ct2k7

macrumors 603
Aug 29, 2008
6,008
457
London
46 App updates :eek:

App doesn't have a high resolution icon - maybe it was something that was abandoned or integrated with something else.
 

KnightWRX

macrumors Pentium
Jan 28, 2009
15,046
4
Quebec, Canada
Maybe Apple had planned to have a seperate game store, but decided against it.
Nope, looks more like a In-App Purchase (StoreKit) example application. Probably something that was made for the developer documentation.

Like the article says, this looks to be selling In-app content, not apps themselves.
 

Nielsenius

macrumors 6502a
Apr 16, 2011
565
0
Virginia
I wish Apple would make a separate iOS games store. I'd like to see some real (productive, informational, social) apps on the Top 25, rather than just a list of games the kiddies like.
 

bacaramac

macrumors 65816
Dec 29, 2007
1,411
76
Wirelessly posted (Mozilla/5.0 (iPhone; CPU iPhone OS 5_0_1 like Mac OS X) AppleWebKit/534.46 (KHTML, like Gecko) Version/5.1 Mobile/9A405 Safari/7534.48.3)

I agree, not that it bothers me the way it is, but it does make sense as ios is competing with the likes of Sony and Nintendo.
 

WannaGoMac

macrumors 68020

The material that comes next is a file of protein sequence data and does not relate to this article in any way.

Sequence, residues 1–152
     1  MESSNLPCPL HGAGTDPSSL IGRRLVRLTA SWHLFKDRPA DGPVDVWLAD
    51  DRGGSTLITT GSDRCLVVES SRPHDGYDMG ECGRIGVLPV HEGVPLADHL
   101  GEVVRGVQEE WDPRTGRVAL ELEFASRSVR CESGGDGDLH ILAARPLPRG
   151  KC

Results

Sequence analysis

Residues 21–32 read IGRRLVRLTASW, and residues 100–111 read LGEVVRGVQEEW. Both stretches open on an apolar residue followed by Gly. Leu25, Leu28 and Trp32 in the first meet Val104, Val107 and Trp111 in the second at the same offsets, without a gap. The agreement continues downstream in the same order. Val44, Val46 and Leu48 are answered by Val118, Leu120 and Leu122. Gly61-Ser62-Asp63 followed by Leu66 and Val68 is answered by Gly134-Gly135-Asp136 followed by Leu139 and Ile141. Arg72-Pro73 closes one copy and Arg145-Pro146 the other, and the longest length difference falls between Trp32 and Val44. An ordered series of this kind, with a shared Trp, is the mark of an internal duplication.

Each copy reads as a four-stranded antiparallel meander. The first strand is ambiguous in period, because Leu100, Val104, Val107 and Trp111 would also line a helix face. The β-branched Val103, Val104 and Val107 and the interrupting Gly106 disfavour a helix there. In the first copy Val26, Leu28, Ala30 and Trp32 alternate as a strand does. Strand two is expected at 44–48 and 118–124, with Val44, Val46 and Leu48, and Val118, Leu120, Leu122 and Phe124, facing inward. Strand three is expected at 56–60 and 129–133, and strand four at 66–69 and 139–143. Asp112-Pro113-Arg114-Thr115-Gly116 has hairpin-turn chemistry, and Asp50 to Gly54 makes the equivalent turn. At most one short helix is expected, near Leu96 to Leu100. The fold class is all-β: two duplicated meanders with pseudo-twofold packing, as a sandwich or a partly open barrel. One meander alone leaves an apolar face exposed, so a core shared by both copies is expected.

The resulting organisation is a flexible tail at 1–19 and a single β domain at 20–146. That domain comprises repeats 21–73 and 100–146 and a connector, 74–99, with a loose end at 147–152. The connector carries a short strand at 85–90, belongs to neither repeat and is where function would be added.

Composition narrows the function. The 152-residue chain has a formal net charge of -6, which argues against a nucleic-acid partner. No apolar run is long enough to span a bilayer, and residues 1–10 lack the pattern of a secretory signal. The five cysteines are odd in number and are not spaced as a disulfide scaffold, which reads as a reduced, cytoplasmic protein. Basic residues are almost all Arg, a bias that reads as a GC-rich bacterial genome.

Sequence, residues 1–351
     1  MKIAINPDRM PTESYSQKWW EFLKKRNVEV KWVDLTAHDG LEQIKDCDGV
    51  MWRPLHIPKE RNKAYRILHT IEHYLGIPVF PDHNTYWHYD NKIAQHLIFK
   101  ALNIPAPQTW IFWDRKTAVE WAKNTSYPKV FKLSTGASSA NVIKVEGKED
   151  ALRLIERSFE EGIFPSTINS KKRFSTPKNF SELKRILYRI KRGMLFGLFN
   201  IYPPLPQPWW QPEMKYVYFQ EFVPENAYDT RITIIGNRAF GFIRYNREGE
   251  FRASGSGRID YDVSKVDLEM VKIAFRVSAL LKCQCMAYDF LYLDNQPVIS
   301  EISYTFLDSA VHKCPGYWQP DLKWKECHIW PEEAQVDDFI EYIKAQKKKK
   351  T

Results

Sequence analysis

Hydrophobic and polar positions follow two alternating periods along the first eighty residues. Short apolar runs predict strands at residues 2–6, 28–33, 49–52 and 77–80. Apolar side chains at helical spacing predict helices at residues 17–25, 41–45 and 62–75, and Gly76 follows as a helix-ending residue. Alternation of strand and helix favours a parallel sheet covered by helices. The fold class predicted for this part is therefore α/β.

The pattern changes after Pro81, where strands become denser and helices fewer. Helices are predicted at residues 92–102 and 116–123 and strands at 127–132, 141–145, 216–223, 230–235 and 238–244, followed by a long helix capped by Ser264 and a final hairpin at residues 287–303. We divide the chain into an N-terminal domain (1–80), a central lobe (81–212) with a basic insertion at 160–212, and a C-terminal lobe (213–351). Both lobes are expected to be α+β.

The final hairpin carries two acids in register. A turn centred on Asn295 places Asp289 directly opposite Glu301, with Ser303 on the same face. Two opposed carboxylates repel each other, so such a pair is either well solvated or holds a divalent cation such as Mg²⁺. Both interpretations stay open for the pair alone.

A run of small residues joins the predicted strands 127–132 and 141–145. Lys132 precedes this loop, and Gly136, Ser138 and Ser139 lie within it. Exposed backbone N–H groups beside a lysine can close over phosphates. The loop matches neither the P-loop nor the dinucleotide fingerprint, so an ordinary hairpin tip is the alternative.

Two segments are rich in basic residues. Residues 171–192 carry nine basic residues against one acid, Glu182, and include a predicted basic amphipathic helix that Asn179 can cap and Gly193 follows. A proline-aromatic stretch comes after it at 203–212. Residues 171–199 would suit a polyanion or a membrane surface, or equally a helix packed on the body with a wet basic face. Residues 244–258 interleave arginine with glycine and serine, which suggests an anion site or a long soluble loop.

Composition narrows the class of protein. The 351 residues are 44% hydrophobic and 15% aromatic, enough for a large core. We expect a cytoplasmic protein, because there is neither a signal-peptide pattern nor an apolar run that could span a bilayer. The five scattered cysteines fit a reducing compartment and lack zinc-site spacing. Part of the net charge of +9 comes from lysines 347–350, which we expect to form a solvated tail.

Feb 11, 2007
2,337
2,963
Could someone explain why anyone would want to buy this app? Don't get why i care?
 

bb426

macrumors 6502
Jun 7, 2011
414
41
California
Wirelessly posted (Mozilla/5.0 (iPhone; CPU iPhone OS 5_0_1 like Mac OS X) AppleWebKit/534.46 (KHTML, like Gecko) Version/5.1 Mobile/9A405 Safari/7534.48.3)

I wonder how much $$ Apple just made on this thing lol.
 

farleysmaster

macrumors 6502a
Feb 8, 2008
758
55
London, UK
I wish Apple would make a separate iOS games store. I'd like to see some real (productive, informational, social) apps on the Top 25, rather than just a list of games the kiddies like.
You can use the app store categories (although, an option to opt-out of categories might be nice, so you don't have to go through 10 useful categories).
 

cvaldes

macrumors 68040
Dec 14, 2006
3,237
0
somewhere else
That app's UI is of very poor quality. Definitely not up to Apple's standards.
Apple probably has dozens, if not hundreds of apps that look like this one. The point is that this is an internal testing app, not one meant for public consumption.

Pretty much every single industry on the place has different standards of presentation based on whether or not it's an internal-only matter or if it's a customer-facing item.

Example: restaurant uses large stainless steel hotel pans and metal tongs, but plates on nice porcelain china with polished silverware in the dining room.

You can't really judge whether or not this app is up to Apple's standards since we don't know what their internal code standards are.

Theoretically, an app like this should be simple and perform the task for which it was designed. It is was meant to debug in-app purchases, order flow, etc. it is probably sufficiently effective for what it was meant to do. To polish it up would be a dreadful waste of Apple's resources.